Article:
All my life I’ve been drawn to mystery in one form or another. My mother, and my relationship with her, will always remain the most profound mystery of my life.

When I was in my twenties, all I could see were the difference between my mother and me. To be sure, we are very different people. But in my forties, I started to notice similarities. Now in my mid-fifties, I’ve begun to examine both the negative baggage my mother passed on, as well as the gifts. Life is a mixed bag, as we all know. We certainly don’t get to choose our parents, but neither do our parents get to choose us. The lesson there, at least in my case, has to do with love and frustration, admiration and anger, and ultimately understanding and acceptance. No mother-daughter relationship is ever simple, but when you throw sexual identity into the soup, it can be explosive.

I want to tell you my coming out story. Along the way, I think you’ll get a sense of some of the conflicts—but also the love— that defined my relationship with my mother.

For ten years, my mother and I had been part of a fundamentalist Christian group called The Worldwide Church of God. I’d attended Ambassador University, the church’s college in Pasadena, California, and graduated in 1971 with a degree in Theology. I left the church soon thereafter. The reason I left had a great deal to do with the sexual and moral corruption in the ministry, especially the head ministers, but also had perhaps, even more, to do with my growing feminism. My mother eventually left the church as well—not because of the corruption so much, but because she felt she’d found too much doctrinal error. In her own studies, she’d discovered the truth, and the Worldwide Church of God no longer represented that truth.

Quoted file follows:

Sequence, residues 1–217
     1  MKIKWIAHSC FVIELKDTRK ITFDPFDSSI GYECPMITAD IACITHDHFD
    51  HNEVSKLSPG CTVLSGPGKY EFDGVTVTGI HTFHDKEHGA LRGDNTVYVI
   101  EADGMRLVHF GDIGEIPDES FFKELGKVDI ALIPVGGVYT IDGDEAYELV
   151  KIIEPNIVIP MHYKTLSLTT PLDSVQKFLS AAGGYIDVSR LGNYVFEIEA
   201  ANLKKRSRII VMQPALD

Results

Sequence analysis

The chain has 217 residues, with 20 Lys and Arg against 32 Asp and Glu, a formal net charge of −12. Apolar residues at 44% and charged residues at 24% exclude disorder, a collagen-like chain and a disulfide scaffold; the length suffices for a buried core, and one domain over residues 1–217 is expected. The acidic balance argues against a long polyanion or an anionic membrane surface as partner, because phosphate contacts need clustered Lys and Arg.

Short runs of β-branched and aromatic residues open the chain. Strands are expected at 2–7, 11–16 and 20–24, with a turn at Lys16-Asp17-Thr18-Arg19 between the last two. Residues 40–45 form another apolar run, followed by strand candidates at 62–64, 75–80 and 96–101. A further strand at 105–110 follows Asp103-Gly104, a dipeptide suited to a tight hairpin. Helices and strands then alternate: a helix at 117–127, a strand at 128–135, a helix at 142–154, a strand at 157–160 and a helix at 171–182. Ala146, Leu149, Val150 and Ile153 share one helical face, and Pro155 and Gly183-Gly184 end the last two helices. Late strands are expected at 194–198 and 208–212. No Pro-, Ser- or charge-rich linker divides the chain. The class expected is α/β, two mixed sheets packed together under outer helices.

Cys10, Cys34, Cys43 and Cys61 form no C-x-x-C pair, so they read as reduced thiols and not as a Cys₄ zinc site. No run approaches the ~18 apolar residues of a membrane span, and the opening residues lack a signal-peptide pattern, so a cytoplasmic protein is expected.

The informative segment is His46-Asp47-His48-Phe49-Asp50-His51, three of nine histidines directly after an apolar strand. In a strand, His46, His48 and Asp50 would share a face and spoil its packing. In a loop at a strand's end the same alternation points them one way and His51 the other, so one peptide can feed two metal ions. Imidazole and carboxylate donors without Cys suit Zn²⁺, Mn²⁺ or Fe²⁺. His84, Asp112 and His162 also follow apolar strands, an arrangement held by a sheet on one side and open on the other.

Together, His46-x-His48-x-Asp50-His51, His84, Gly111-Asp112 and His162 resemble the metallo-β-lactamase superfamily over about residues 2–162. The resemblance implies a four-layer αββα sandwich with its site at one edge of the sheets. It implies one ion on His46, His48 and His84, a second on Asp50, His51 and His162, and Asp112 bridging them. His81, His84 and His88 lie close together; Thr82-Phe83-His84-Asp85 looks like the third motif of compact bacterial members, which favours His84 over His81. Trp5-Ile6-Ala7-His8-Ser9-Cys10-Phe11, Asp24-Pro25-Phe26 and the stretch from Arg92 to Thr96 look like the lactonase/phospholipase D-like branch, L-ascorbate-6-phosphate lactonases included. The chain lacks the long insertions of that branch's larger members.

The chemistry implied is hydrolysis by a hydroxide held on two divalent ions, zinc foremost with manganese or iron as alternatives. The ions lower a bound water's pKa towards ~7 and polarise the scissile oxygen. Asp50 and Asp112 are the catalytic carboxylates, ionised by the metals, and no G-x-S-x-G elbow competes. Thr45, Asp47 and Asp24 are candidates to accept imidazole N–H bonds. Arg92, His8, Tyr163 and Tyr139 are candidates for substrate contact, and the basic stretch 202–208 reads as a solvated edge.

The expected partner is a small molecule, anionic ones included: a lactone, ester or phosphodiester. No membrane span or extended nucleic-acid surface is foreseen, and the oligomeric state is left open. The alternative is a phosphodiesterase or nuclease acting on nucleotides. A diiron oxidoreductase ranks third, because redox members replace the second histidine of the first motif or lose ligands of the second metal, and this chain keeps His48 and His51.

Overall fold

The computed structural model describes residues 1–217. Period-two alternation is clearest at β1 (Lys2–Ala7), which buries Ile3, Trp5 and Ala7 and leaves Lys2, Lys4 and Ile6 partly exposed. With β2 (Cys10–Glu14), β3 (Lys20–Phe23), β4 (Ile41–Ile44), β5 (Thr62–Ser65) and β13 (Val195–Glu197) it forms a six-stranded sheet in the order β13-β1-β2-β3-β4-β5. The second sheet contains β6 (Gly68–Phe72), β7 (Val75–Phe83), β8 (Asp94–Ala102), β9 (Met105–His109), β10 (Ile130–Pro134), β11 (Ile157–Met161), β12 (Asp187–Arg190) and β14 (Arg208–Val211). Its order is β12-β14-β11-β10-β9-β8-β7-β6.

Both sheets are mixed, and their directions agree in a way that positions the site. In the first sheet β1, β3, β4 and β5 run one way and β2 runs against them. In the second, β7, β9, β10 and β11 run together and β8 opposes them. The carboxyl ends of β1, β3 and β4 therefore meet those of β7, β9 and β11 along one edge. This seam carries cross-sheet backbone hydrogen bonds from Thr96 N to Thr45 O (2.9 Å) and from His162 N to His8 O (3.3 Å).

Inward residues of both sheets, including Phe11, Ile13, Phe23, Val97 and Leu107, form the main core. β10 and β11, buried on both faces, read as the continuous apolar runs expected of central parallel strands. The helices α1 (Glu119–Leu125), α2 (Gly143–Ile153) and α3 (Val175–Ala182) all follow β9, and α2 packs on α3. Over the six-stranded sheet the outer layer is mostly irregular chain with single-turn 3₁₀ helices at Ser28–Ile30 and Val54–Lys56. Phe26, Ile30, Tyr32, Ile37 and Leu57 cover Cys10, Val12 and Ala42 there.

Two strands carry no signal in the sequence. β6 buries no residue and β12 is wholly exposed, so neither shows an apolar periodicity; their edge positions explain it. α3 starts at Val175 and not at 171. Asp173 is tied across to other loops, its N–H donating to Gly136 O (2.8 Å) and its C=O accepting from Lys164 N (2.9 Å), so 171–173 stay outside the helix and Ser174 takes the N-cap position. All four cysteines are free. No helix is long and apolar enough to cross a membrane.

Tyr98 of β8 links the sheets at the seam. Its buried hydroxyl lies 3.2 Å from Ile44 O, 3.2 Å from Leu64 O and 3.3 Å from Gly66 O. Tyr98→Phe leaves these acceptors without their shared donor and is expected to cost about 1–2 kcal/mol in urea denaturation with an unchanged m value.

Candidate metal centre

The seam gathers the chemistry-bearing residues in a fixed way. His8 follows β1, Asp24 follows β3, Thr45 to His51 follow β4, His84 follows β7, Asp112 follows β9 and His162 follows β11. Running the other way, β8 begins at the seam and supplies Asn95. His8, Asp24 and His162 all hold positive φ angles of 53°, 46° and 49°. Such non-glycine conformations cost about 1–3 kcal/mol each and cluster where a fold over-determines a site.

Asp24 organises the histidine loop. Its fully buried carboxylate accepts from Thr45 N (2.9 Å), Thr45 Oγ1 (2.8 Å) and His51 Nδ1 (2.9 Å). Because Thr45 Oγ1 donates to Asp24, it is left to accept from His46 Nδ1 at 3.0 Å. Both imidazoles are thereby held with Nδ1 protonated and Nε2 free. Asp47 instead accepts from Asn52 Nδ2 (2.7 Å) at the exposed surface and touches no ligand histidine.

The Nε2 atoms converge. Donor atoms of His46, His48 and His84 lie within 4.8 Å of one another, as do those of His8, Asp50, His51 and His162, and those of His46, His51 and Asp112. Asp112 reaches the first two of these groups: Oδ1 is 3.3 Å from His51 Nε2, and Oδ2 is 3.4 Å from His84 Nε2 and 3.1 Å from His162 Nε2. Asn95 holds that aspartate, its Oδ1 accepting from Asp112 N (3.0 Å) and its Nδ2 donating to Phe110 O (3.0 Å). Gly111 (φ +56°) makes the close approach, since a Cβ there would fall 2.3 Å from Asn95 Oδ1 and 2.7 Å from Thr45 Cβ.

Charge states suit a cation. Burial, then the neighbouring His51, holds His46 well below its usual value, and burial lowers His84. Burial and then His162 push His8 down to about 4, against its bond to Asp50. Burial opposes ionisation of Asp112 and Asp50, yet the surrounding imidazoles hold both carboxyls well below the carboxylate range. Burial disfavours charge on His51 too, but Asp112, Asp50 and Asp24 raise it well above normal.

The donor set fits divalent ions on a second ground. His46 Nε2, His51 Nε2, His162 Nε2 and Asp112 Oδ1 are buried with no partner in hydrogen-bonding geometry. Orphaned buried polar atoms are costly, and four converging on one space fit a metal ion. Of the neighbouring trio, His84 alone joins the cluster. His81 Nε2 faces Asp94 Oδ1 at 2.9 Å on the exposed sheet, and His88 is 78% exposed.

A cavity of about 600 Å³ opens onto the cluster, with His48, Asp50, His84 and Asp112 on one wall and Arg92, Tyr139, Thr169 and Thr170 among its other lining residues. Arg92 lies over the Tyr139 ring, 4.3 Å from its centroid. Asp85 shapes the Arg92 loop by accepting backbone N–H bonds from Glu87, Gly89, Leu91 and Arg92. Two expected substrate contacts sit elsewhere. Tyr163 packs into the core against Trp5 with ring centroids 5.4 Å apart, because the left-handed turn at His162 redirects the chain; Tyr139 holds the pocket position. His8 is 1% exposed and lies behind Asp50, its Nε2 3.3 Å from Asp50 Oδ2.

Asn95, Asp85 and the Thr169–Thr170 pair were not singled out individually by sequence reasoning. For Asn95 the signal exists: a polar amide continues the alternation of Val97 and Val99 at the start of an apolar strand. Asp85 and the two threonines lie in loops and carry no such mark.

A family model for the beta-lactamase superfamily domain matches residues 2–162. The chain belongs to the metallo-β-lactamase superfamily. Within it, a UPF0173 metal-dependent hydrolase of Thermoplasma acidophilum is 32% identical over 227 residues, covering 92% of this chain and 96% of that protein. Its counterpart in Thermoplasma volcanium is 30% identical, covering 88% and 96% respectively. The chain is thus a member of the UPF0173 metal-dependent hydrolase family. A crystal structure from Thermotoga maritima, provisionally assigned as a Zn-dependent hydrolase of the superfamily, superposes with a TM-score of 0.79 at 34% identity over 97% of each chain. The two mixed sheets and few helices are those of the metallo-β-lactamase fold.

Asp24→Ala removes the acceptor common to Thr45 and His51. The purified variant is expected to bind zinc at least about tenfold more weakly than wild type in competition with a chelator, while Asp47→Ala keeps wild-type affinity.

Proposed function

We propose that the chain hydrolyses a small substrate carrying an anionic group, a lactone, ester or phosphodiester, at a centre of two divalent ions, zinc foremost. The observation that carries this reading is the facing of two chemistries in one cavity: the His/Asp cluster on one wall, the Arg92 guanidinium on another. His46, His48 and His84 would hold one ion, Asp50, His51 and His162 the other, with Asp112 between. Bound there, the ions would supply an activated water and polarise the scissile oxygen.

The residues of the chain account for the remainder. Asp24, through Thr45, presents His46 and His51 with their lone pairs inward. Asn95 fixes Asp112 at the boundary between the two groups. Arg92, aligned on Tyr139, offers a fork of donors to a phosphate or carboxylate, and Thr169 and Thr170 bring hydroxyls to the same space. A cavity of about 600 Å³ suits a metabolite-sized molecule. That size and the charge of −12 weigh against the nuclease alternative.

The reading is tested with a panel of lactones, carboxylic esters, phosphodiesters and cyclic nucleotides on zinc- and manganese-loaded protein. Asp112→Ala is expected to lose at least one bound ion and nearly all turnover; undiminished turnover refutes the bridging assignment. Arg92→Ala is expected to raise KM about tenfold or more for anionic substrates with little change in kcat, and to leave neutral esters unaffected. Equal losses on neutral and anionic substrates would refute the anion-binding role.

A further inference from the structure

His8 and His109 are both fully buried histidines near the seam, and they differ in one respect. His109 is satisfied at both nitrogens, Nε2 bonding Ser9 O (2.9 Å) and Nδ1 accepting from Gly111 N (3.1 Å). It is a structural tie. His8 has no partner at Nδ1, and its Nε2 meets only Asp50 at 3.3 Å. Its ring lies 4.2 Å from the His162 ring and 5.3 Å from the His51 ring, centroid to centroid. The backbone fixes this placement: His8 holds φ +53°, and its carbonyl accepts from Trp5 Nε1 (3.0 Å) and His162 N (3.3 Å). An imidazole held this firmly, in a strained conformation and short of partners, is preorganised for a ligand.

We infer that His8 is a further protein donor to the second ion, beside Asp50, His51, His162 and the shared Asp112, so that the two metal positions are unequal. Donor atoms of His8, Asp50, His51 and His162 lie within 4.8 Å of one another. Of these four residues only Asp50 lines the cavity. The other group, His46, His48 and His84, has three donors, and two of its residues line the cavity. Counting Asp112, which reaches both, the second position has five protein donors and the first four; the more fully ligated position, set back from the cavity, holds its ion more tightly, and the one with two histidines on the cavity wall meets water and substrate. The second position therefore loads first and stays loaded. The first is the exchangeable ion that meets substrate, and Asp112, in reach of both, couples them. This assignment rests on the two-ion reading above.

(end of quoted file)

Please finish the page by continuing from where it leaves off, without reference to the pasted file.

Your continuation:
My mother had always been the poster child for the iconoclastic spirit. My partner, Kathy, thinks it’s because she was a full-blooded Norwegian. She was just too damn stubborn to ever be wrong. Although she proclaimed loudly and often that she’d made many mistakes in her life, nothing she was ever involved with at the moment was a mistake. She believed what she believed with total fervency. And what she believed was not only right, it was righteous.

I’m not sure where my mother’s confidence came from, but she had a view of life that told her what she thought about the world—or an idea, a person—was more important than what the world thought of her. She passed that on to me. That particular life lesson was one she might have liked to rescind. As much as she wanted me to be happy, she also wanted me to make the same choices she had. I think many mothers want that from their daughters, and mine was no exception. In a way, if we get married, have children, share the same religious and political opinions, it validates their choices and their lives. The fact that what I believed was more important to me than what she believed always galled her. She spent a great part of her later years trying to convince me of her points of view. The only problem was, the beliefs she held changed so often that it was hard to keep up. But that never seemed to bother my mother. Or, more accurately, she never even noticed.